Arabic, like all Semitic languages, is characterised by the use of certain morphological patterns (patterns of word formation) to derive words from abstract roots that represent general semantic notions or meanings. However, the etymology found within Arabic is unique, following are some examples of this:
Only in Arabic is ‘proximity’ (قرب) etymologically inseparable to ‘God’ (رب). Our souls draweth ever nigh (قرب) unto the grave (قبر). Al-Qarīb: draw high unto the Ever Nigh. Practising murāqaba entails understanding that lightning (برق) strikes unexpectedly like the imminent arrival of death (قرب القبر).
Wholesome companionship (صحب) is rooted in love (حب). True love (حب) begins with Basmala B (ب). Mutual companionship (صحب) entails pouring (صب) the self out, the fruit of which is a well-cultivated receptivity.
Being Muhammadan (محمد) entails engendering warmth (حم), extending a hand (مد), and establishing boundaries (حد).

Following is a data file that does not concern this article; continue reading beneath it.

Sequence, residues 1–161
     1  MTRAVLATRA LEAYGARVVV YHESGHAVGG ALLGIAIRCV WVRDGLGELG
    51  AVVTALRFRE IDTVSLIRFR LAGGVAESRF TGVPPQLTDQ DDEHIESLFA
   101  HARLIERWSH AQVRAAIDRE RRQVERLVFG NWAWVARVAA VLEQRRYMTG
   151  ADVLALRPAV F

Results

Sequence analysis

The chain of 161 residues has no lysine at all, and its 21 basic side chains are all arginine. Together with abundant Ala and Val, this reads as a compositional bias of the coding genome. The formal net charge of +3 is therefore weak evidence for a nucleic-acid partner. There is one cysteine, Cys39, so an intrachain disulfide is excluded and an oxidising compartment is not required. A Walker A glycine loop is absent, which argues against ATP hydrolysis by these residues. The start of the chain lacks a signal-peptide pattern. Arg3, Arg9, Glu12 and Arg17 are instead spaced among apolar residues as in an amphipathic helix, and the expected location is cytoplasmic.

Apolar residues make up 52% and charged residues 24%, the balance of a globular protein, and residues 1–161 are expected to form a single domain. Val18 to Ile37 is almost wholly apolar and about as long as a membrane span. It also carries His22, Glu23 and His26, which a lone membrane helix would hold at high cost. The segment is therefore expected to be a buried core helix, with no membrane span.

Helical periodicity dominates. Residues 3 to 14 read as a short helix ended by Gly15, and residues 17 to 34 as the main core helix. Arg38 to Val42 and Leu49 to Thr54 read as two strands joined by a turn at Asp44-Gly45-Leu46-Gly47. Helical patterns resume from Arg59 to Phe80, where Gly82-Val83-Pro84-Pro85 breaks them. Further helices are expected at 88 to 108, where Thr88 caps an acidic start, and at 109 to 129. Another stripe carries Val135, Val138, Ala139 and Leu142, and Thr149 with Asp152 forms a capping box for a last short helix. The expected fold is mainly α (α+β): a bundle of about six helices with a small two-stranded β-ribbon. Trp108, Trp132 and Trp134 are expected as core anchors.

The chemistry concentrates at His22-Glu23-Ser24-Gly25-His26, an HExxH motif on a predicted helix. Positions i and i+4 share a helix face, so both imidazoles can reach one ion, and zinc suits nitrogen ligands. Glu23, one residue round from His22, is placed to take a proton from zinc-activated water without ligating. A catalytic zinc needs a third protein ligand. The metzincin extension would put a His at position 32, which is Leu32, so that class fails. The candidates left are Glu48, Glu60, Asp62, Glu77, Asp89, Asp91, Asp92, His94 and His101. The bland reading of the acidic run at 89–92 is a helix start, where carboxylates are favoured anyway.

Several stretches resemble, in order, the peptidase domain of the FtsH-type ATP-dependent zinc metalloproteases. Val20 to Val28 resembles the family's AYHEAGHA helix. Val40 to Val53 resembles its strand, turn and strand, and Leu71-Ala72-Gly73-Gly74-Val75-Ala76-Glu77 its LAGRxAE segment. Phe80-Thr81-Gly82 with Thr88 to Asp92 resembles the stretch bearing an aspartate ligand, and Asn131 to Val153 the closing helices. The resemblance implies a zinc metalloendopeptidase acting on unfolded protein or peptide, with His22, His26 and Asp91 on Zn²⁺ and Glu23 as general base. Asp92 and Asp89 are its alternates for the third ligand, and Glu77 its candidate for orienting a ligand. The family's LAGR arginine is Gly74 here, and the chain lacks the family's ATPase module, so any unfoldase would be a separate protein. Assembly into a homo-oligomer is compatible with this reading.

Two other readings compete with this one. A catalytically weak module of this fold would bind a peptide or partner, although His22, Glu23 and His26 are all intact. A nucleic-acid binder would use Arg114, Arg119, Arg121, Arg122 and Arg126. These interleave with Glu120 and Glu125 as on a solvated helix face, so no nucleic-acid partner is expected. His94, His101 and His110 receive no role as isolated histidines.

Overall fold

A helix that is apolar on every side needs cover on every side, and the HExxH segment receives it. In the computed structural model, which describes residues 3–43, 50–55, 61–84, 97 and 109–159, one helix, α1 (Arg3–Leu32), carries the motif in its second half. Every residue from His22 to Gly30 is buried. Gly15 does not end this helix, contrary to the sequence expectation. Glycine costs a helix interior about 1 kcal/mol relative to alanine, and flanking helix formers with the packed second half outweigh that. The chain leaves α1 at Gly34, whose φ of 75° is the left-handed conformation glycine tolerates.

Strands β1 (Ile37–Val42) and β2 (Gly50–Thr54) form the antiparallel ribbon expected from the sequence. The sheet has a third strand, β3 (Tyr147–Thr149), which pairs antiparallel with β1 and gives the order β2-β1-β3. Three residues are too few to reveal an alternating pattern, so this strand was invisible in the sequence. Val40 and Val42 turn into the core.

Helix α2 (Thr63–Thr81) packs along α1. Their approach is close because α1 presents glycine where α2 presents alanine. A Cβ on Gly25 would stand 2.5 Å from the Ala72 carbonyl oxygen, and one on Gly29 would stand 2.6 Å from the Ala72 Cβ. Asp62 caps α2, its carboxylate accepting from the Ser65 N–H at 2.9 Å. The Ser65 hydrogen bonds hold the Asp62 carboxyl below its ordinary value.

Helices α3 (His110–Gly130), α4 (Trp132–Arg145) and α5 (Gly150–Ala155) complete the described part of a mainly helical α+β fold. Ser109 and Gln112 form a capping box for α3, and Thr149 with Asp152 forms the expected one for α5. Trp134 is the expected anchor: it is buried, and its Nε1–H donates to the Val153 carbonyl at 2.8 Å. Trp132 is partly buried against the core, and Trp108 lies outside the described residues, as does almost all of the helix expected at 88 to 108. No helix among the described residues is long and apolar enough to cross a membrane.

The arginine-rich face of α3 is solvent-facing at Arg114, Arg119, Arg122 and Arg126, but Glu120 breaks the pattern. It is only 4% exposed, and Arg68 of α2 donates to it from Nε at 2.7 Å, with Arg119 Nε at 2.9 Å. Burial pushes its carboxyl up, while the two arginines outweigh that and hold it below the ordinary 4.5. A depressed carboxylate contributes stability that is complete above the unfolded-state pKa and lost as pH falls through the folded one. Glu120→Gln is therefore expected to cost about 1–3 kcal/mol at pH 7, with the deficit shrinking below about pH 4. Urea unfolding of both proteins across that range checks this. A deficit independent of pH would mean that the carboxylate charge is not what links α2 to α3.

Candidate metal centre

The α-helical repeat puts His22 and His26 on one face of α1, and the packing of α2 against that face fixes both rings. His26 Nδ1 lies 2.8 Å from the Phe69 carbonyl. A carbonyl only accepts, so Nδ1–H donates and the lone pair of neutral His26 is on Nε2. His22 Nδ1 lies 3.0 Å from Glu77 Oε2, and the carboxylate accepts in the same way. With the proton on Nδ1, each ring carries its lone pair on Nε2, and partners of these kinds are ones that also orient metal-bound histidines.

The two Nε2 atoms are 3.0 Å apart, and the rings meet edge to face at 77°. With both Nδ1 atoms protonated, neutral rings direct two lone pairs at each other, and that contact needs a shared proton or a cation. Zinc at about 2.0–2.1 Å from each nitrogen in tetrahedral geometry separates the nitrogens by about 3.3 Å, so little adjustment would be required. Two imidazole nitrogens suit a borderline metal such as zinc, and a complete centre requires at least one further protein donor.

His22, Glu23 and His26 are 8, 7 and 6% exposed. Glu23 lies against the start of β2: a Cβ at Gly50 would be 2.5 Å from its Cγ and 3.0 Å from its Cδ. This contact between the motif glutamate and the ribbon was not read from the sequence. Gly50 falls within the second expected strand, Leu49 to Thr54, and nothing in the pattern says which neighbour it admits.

Unvoweled, Arabic for love ( ّالحُب ) also represents the imperative to tread out a path and forge ahead ( ْاِلْحَب ). Your love ( ّحب ), improperly expressed, is but a violent blow ( ّهب ). Often the most intensely passionate love (عشق) ends up ripping (شق) and tearing (عق) lovers apart. Wholesome companionship (صحب) is rooted in love (حب). Join the faction (حزب) that puts love (حب) into action.
al-Wadud: Because the rope (حبل) of God was made of and from love (حب). God’s name (الودود) is love spelled twice. The heart (فؤاد) is the seat of love (ود).
Good sermons (خطب) are like medicine (طب).
Shukr entails repeatedly (تكرار) expressing acts of gratitude. Arabic for complaining (شكا) and thanksgiving (شكر) are uncoincidentally etymologically related. Sincere thanksgiving is oft-recurring (كر) and penetrates (شك) the spirit.
al-Rāghib al-Iṣfahānī: Shukr (شكر) is but an etymological transposition of kashr (كشر) i.e. to unveil and/or reveal (كشف).
Taken from BookofBeats (via Twitter)